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Why did the U.S.A. Become Involved in the Vietnam War in the 1950s and 1960?

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Why did the U.S.A. Become Involved in the Vietnam War in the 1950s and 1960? The Vietnam War was one of the biggest humiliations in American history. The small forces of North Vietnam and the threat of world communism humbled the most power full country in the world. The reason for U.S.A.'s involvement stemmed back to the end of world war two. Throughout the Second World War the forces of the communist Russians and the western democratic powers united to fight against the great common enemy, Nazi Germany. Shortly after, world war two ended the two allies broke apart and the world was divided in to two completely appositive group, these groups were the western capitalist democracies and the eastern communists. When the Russian's red army (communists) advanced over Eastern Europe and onto East Berlin all the countries that they had liberated from the nazi oppression, were forced in to a communist regime. This meant that almost the whole of Eastern Europe had been forced in to communism. This then created great concern among the western democracies especially America, which saw Communism as a plague which needed to be stopped by whatever needs necessary before it contaminated and took over the world. These feelings from the western democracies towards the eastern communist created a rivalry and cold atmosphere between the two Super powers (Russia and USA), which led these two very different ideas. ...read more.


said, "If the red tide of communism overflows into Vietnam, then Burma, Thailand, India, Japan, the Philippines and obviously y Laos and Cambodia would be threatened". Nevertheless USA involvement in Vietnam began soon after the Japanese surrender in 1945 when it was decided that Vietnam along with Laos and Cambodia would be returned to the French empire. This decision came as a shock to the Vietnamese And on 2nd September 1945 Ho Chi Minh the leader of the communist group the Vietminh declared Vietnam's independence. However the French refused to leave Vietnam because of its rich minerals, and made a decision to engage themselves in war against the Vietminh. By 1952, 90,000 out of the 500,000 soldiers fighting for French rule where either killed, wounded or captured and the French had already spent several hundred million francs on war and were looking defeated. This left them with one option, to ask the USA for financial aid. Which led to there first intervention Despite there initial disagreement with the recreation of the French empire, president Truman decided to give US $ 3 billion to help the French. Despite the USA's financial aid the French suffered a major defeat at Dien Bien Phu in May 1954 that led them to withdraw there troops, and hold a peace conference at Geneva to decide the future of Vietnam. ...read more.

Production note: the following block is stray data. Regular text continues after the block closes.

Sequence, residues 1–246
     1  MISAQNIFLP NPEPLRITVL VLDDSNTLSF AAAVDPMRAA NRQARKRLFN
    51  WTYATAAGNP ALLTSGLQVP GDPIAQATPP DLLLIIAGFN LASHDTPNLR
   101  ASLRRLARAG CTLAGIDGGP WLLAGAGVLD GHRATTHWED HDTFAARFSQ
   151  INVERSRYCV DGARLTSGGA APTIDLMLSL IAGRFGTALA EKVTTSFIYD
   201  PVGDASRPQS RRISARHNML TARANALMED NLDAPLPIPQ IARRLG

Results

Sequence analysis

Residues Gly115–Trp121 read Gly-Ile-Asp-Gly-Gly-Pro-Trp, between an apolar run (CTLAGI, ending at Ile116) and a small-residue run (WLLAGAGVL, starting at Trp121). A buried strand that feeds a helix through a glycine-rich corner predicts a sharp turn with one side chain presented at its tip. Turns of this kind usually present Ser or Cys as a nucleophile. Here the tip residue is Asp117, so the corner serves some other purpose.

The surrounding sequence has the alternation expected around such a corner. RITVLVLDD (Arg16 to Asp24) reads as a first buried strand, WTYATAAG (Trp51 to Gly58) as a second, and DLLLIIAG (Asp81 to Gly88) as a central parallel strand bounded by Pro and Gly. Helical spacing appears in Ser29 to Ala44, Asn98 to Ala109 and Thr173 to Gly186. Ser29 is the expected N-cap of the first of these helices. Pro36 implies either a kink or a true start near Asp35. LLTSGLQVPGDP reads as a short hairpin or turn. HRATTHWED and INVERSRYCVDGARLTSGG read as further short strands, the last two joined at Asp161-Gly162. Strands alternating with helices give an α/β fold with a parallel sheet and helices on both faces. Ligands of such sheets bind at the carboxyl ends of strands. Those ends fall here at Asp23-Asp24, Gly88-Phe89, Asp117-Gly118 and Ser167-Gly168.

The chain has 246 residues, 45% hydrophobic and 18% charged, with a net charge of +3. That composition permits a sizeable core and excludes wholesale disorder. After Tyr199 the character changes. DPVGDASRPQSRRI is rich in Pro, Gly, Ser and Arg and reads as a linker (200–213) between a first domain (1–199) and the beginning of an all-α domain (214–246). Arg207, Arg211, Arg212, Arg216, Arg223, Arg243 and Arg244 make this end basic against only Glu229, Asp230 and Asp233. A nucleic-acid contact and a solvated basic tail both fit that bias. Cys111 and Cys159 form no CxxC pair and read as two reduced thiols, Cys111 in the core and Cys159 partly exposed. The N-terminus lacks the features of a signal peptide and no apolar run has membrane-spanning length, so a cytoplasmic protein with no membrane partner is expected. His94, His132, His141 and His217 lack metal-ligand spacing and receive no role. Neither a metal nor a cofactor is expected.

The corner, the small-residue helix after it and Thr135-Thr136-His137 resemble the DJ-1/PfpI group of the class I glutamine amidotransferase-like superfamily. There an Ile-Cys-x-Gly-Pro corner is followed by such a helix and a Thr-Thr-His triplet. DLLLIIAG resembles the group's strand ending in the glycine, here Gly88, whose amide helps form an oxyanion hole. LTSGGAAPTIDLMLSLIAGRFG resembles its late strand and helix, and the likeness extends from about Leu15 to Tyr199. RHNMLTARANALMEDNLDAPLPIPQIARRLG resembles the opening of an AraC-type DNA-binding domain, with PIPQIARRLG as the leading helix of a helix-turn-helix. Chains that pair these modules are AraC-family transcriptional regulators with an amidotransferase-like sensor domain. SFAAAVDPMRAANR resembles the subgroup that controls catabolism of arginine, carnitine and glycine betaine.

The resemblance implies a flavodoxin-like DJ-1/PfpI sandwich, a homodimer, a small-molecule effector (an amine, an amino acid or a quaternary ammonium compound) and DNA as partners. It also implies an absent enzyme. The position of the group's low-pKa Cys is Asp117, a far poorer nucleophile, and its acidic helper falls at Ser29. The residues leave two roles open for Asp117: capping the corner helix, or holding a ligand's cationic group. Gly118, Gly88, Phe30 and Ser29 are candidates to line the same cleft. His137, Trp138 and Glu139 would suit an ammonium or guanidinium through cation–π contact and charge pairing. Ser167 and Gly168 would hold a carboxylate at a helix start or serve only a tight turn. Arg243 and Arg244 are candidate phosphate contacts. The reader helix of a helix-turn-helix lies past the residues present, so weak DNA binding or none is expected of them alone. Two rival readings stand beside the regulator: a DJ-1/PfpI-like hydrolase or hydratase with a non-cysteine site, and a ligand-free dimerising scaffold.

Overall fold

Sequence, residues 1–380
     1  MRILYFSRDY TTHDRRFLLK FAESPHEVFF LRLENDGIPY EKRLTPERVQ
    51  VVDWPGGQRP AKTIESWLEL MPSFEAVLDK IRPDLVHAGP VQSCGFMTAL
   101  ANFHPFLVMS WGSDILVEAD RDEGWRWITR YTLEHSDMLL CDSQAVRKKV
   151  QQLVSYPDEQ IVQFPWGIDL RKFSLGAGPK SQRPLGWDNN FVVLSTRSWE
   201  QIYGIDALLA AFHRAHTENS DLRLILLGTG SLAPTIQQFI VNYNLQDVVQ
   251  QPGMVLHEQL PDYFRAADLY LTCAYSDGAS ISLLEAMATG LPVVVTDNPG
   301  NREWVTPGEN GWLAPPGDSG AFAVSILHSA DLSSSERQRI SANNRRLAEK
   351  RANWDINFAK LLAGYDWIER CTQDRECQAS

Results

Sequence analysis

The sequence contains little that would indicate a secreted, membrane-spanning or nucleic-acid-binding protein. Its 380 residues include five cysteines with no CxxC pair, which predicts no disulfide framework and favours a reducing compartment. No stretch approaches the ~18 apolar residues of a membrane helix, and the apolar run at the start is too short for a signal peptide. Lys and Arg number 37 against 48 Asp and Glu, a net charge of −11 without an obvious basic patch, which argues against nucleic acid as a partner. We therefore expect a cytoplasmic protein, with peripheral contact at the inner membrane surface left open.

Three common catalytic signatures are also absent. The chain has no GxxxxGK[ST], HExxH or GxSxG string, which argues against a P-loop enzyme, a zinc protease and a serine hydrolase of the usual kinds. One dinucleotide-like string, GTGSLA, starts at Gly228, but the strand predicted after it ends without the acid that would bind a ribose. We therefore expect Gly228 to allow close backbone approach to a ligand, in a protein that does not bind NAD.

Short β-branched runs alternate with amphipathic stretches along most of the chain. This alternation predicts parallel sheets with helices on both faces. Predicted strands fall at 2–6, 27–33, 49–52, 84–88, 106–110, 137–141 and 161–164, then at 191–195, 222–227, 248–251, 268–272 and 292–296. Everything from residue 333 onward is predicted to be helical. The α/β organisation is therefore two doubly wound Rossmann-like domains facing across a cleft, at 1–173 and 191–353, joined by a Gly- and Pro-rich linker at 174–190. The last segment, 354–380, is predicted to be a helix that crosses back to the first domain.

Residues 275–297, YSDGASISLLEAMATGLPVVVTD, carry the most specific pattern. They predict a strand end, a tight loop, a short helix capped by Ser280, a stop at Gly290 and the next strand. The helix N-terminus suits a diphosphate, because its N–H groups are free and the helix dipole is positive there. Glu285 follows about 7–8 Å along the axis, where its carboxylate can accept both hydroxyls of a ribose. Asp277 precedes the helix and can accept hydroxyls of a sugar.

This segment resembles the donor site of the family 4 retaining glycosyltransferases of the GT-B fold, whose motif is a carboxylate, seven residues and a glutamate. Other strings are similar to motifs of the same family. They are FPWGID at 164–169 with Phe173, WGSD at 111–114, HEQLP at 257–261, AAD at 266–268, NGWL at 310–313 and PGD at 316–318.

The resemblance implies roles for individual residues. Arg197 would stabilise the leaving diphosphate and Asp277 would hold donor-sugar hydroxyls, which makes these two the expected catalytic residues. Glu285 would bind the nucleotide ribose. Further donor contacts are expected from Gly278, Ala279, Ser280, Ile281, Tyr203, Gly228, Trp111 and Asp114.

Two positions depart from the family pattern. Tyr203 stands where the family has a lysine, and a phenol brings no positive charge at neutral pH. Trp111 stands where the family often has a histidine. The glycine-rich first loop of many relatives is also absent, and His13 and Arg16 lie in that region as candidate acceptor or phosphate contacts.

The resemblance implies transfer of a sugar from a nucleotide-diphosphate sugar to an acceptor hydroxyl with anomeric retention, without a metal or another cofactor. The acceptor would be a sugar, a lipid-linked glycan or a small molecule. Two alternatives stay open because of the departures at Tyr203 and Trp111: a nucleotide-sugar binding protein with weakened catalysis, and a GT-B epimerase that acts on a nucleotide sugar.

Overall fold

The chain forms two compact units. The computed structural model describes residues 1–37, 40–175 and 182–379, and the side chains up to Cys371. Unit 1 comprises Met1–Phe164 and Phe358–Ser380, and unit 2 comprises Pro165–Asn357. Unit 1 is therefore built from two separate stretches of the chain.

As a counter act to this the US government began patrolling the coast of Vietnam in an approach to prevent the North Vietnam from sending aid to the Vietcong. In Augsut1964 North Vietnam attacked a US patrol ship in the gulf of Tokin. This offence was seen as an act of war by the US and in 1965 the Americans openly decided to declare war on North Vietnam. When president Johnson said "we are in Vietnam to fulfil one of the most solemn pledges of the American nation. Three presidents over eleven years have promised to help defend this small and valiant nation. We cannot now dishonour our word". After this statement the US sent one and half million troops to South Vietnam and began intensive bombing over North Vietnam in order to destroy bridges and supply routs to the Vietcong. As a result of this Russia and China began supplying North Vietnam with weapons. Some of these weapons where used by North Vietnam in their defence against the US but the majority where smuggled to the south through hidden rail tracks known as the Ho Chi Minh trail and many other ways of travel. By this time it was very clear that the USA where more than involved in Vietnam they where now officially at war. ?? ?? ?? ?? ...read more.

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